Officials confirm Stoughton tornado

The National Weather Service confirmed that a tornado briefly touched down in Stoughton during a fast-moving storm Thursday afternoon.

The Category 0 tornado moved a quarter of a mile up Washington Street at 4:31 p.m., with winds reaching 85 miles per hour, meteorologists said. Category 0 tornadoes register wind speeds between 65 and 85 miles per hour, the Weather Service said.

Weather Service officials made the determination of the twister hitting ground after inter­viewing witnesses and surveying the scene Friday morning and examining damage patterns, including broken trees, which are often strong indicators of severe storm activity, meteorologist Bill Simpson said. The tornado dragged several 5,000-pound trailers about 6 feet, blew out Baystate Ford’s service garage door, and downed two large pine trees, the Weather Service said.


“It was kind of wild,” said ­Joseph Mancuso, 22, a technician at the dealership. Customers and salespeople were in the shop when the weather hit. Mancuso said no one panicked, “but it was kind of a weird situation. It was very odd to see in Massachusetts.’’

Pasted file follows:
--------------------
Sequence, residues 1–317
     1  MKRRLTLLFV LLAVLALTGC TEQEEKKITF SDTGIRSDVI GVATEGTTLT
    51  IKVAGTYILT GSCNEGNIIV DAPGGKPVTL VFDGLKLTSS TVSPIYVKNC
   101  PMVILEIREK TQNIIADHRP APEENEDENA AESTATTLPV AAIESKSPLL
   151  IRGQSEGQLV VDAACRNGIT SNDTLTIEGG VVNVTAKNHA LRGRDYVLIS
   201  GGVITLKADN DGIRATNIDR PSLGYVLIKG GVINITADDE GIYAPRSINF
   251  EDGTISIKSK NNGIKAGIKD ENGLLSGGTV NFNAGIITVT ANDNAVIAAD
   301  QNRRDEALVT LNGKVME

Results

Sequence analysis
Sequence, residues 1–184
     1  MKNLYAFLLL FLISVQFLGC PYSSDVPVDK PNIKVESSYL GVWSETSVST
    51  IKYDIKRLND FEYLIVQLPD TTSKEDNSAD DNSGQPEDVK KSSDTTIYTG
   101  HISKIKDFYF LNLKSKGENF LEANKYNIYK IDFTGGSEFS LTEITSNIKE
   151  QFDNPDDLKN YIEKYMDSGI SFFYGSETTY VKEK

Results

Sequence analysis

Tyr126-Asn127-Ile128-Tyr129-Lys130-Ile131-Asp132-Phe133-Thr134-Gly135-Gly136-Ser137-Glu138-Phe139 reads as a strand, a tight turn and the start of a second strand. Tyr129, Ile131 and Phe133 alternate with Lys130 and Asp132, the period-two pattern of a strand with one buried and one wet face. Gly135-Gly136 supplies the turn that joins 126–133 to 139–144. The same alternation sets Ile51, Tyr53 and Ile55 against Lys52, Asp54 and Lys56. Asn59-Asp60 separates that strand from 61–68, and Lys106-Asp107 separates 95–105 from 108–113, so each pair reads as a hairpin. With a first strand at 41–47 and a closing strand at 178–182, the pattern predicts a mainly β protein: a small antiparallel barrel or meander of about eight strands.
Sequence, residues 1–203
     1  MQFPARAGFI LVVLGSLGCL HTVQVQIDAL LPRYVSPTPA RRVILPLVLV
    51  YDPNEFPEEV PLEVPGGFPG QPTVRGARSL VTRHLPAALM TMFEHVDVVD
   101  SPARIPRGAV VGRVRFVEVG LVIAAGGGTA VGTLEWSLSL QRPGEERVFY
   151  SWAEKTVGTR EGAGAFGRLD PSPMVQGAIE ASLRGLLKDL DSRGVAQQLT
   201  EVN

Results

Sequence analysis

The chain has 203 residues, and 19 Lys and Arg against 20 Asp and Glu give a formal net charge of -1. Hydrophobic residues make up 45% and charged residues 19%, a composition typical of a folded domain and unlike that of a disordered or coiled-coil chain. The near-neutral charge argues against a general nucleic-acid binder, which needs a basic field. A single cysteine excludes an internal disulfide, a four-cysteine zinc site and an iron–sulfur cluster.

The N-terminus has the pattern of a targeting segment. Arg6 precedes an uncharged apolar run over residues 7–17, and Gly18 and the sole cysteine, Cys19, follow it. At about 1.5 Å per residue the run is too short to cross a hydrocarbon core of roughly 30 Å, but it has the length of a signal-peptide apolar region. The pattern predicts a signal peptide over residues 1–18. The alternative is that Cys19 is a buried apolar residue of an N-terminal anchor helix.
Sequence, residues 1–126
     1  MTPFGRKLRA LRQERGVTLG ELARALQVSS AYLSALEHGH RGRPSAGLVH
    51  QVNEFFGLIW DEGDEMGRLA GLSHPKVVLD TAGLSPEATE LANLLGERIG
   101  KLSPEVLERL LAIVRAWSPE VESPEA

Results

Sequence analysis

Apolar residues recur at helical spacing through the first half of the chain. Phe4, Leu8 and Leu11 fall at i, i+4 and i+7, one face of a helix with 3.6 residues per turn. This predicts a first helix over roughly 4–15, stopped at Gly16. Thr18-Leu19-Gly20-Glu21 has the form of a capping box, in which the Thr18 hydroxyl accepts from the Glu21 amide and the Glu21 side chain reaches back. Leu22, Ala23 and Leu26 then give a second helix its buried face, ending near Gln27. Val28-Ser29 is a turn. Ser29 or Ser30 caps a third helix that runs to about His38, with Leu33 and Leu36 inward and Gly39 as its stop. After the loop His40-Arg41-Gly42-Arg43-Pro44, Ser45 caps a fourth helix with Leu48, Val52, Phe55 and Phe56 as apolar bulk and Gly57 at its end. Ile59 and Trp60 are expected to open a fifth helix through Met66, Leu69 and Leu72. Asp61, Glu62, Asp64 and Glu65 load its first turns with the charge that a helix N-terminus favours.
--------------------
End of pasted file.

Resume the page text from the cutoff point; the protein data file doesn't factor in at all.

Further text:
George Rizer for the Boston Globe
This RV as lifted slightly into the air and moved ten feet, with the rear bumper coming to a rest atop a boulder.
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Stoughton police responded to a call for a possible tornado at Baystate Ford just after 4:30 p.m. Winds of 70 miles per hour nearly ripped a garage door from its hinges and lifted a handful of trailers into the air at the dealership on Washington Street, officials said.

“All of the sudden it got real, real windy,” he said.

Mancuso was coming into the shop when the winds blew the big, roughly 10-by-20-foot metal garage door nearly off its hinges. Police reported to the Weather Service that the partially closed garage door was destroyed.

“The only reason it didn’t go flying across the parking lot is because there’s a little metal bar connecting the door to the frame.” Mancuso said.


Though the severe weather was a bit of a surprise, it is not out of the ordinary. “When we have the east flow off the ocean intersecting these bands of thunderstorms, you can get some rotation,” Simpson said.

But, Mancuso said, “it’s not exactly how I was anticipating spending the last hour of my workday.”

Lauren Dezenski can be reached at lauren.dezenski@
. Follow her on ­Twitter @LaurenDezenski.